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The Soft Field Procedure

Before I learned precautionary and forced approaches, I learned about soft field landings.  Here my account of the experience, and why soft fields are important and should be practiced regularly.

When will we use a soft field landing?

If we are planning to land on an unprepared surface. We also need to know the technique if we need to make a precautionary or forced landing, and have to put our airplane down in a field.

Like the short field procedure, the soft field is a lot of fun.  It is used when taking off and/or landing on an unprepared surface. The can be a grass strip or turf runway, or a completely unprepared runway.  One of the main goals is to protect your propeller and engine in the sequence. This means we try to keep it from being struck by flying debris and damaged, and to keep dirt and debris from being sucked into the engine.   It also is to keep the nose gear from diving into a hole – since it is an unprepared surface there may be lots of surface irregularities.  A small dip and we could wheelbarrow the plane.  We keep the nose high throughout the procedure as long as we can.

It starts during the taxi

Can I land my airplane in that field?

Can I land my airplane in that field, and what is the technique?

In fact, when we taxi on the unprepared runway we keep our control column full aft.  So when we pull up to line up on our runway we are pulling back as far as we can on the control column.  When we add power, we push forward slightly on the column until the airplane is ready to fly.  We rotate at about 46 knots with 10 degrees of flap in the 172 N model.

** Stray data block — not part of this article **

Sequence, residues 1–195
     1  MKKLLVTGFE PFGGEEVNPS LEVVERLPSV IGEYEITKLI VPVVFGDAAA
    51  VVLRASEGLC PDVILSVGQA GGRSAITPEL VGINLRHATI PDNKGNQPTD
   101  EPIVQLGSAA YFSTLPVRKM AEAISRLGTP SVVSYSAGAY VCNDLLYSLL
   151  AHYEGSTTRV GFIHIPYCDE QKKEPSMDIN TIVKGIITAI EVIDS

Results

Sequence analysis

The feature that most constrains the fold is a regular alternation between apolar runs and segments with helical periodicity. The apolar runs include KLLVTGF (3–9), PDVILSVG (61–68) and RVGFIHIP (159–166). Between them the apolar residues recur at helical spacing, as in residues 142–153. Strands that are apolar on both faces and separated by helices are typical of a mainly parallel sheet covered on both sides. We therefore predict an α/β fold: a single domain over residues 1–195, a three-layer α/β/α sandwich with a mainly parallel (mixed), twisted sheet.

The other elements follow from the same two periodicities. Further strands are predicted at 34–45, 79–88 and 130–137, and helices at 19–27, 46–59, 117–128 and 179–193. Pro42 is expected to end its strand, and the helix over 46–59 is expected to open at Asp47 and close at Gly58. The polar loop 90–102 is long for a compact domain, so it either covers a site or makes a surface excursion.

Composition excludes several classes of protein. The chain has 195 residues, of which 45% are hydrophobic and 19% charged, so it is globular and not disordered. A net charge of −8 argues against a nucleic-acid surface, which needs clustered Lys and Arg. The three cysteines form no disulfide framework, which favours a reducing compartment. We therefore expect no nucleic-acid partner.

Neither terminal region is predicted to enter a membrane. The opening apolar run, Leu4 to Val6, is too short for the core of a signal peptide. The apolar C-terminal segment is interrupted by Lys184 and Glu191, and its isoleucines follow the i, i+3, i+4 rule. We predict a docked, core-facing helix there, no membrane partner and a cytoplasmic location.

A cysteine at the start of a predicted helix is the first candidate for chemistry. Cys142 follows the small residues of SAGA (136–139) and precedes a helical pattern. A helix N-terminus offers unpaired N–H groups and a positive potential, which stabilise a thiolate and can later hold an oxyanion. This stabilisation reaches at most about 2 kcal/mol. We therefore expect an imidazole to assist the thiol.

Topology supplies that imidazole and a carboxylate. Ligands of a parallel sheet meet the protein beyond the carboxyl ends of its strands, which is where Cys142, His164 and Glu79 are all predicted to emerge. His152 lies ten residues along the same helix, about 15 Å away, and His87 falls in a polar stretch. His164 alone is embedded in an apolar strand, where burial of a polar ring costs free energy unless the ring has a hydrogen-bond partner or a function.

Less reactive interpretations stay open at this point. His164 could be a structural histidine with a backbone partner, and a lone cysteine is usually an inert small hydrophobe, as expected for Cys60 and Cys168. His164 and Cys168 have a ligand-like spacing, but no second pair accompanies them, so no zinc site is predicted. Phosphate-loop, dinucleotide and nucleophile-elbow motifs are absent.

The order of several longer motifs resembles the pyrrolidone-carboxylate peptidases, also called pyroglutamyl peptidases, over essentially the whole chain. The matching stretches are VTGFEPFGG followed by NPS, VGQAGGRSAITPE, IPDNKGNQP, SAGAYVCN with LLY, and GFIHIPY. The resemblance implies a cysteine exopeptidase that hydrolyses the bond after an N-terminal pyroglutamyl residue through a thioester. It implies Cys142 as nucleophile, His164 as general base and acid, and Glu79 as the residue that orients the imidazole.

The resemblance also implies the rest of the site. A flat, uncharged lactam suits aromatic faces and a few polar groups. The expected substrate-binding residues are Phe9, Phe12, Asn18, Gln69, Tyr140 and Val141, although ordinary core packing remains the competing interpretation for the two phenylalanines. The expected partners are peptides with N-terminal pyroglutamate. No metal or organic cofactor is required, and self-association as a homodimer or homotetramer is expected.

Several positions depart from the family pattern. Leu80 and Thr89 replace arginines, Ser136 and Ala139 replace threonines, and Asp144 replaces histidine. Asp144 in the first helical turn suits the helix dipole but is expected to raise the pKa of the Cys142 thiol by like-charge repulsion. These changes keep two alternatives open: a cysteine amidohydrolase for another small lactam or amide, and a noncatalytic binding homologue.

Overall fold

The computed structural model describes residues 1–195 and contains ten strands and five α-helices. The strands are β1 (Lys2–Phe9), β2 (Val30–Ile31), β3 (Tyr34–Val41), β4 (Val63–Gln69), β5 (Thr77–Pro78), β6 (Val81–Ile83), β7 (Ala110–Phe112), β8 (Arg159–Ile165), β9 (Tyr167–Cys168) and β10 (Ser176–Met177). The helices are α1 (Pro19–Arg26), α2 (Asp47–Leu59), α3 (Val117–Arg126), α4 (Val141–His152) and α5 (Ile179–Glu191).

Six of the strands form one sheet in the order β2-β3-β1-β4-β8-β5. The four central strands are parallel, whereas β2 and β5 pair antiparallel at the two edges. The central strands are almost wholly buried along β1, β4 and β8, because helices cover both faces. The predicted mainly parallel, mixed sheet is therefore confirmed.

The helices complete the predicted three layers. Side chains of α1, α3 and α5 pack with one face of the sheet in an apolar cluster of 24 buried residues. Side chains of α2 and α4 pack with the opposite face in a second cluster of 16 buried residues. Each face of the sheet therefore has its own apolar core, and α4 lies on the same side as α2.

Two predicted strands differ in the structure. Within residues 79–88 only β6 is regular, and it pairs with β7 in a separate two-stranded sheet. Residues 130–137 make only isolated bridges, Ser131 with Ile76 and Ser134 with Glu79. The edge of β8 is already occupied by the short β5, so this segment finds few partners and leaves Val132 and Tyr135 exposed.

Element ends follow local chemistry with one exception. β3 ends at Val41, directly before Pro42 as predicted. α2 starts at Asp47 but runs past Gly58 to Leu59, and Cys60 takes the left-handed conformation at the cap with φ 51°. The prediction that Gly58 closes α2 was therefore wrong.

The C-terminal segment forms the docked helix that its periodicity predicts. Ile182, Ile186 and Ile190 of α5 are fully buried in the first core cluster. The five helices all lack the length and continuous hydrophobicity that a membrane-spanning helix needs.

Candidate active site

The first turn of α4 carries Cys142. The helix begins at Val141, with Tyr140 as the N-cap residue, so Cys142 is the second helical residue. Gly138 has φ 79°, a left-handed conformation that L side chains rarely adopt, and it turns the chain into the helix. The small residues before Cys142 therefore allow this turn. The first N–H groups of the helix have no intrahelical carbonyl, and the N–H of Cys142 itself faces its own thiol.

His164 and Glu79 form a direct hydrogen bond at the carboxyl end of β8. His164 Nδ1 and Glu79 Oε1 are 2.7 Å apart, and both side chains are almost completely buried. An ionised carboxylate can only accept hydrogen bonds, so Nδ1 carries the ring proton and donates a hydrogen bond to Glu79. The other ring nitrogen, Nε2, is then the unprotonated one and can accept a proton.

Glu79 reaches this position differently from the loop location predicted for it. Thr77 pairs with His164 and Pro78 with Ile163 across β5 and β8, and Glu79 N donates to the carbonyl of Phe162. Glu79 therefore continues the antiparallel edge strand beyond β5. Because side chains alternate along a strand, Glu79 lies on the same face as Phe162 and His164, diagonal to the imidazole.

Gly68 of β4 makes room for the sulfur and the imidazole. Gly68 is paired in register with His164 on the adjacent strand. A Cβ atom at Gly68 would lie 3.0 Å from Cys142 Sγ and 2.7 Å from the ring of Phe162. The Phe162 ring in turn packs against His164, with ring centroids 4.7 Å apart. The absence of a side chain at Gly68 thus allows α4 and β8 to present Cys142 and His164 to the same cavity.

We fly in ground effect until we have built up enough airspeed to climb.  This is about 60 knots, so when we reach 60 knots, we pull up and climb out.  At 200′ AGL we announce that we have “two positive rates”

(1) altimeter increasing (showing a gain in altitude), and

2) vertical speed indicator increasing, and we retract the flaps and climb out normally at 70 knots.

Hold off on the landing

The airplanes POH will show us what speed to approach for our soft field landing.  In the 172, we use 61 knots.  The idea on the flare is try to hold off landing even longer than usual to keep the airplane nose high.  So after we flare and we feel the first “sink”, we add a bit of power, around 100 RPM or so and try to keep the airplane from touching down. We do so until we have run out of altitude, and the airplane will touch down very softly.  We keep the nose high to protect the propeller and keep from nose gear from running into rough terrain.

Soft field touch and go’s are probably the most fun of all – we do not push the nose down, and take off right away in a nose high attitude.  That means we stay off the nose wheel and just do a “wheelie” down the runway, and take off! In my solo I managed to make this happen a few times.

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About Alicja

Learning to fly at CYBW, no 6 for aircraft movements in Canada. I live in the Rockies, economist, writer, skier, climber, obsessed with mountains & aviation!